An elderly couple remembered the day that they left with other family members:

Husband: In the year 1975 . . . I was at home, and I saw the circumstances that would make it impossible to stay at home. I have an eldest child who had already made a family, and his in-laws had a boat. During that time, my eldest and his wife had just given birth to a baby the day before.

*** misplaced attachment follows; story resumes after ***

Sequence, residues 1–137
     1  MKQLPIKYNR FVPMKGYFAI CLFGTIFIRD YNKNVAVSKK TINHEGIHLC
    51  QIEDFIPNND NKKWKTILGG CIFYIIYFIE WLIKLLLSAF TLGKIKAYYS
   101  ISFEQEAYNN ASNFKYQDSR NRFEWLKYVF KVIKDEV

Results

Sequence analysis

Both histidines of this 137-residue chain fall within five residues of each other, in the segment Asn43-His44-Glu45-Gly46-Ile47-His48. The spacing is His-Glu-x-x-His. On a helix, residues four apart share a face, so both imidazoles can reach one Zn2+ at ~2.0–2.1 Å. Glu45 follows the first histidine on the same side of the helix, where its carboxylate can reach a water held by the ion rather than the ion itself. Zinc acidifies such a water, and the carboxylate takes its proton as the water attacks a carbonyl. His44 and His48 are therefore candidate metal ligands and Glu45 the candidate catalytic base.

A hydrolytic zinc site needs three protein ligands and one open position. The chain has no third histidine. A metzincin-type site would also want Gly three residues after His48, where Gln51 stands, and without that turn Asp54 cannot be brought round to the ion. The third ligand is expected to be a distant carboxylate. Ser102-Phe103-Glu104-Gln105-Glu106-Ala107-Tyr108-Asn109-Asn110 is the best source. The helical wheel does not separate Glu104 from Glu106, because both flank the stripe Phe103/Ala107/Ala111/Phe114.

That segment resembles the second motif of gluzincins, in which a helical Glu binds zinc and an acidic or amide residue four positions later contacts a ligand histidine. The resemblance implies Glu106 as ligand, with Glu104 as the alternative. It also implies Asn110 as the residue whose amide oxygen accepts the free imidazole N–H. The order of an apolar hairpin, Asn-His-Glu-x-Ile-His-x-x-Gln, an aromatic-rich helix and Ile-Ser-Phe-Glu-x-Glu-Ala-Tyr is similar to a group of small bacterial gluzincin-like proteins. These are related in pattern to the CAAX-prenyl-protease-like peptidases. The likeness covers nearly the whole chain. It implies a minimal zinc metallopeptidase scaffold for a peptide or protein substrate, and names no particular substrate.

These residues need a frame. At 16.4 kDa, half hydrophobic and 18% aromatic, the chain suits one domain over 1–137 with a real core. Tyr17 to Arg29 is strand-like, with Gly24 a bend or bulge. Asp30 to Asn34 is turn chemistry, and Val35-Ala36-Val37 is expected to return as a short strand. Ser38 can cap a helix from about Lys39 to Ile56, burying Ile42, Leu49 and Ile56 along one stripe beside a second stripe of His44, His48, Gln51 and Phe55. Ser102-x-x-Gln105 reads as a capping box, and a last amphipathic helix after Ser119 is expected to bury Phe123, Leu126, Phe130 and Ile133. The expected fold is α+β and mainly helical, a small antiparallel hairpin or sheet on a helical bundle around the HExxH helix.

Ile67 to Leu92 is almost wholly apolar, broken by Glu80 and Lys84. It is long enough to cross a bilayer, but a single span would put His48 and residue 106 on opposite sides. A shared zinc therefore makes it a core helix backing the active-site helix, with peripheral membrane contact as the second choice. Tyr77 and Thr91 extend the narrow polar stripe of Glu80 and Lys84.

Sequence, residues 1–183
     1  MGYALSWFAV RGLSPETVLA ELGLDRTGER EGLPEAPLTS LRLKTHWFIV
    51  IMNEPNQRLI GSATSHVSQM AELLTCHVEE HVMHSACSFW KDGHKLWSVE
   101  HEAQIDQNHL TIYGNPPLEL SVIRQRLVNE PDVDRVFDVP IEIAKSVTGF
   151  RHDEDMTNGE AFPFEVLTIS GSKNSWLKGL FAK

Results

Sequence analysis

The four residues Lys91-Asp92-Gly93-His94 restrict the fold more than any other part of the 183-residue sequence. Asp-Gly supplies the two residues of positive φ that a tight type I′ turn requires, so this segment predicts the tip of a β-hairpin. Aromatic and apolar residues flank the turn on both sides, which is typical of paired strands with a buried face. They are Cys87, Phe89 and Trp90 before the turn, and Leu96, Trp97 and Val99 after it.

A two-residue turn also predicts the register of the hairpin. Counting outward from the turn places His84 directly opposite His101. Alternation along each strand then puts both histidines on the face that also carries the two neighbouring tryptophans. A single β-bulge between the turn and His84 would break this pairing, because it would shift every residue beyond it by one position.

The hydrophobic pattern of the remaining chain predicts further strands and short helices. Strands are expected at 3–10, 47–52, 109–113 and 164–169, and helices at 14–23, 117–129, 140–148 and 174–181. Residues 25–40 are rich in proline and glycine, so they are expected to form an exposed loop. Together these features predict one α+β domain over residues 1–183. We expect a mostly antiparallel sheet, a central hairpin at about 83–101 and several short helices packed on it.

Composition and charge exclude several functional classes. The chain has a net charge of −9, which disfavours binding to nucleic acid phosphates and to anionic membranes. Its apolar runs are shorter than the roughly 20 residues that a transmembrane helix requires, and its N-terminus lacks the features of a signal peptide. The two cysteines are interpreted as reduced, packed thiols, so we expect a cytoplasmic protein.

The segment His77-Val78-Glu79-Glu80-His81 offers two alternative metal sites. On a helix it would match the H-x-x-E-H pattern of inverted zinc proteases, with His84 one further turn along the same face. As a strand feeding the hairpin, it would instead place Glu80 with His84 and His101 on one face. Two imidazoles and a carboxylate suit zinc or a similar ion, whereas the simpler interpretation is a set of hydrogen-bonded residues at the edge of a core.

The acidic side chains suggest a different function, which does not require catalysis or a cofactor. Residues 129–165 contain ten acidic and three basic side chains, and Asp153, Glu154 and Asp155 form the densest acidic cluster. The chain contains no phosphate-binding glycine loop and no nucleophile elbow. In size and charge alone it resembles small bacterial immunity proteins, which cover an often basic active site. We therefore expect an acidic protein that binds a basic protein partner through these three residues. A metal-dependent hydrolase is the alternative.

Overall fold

Wife: On Saturday. We went on the boat on Sunday.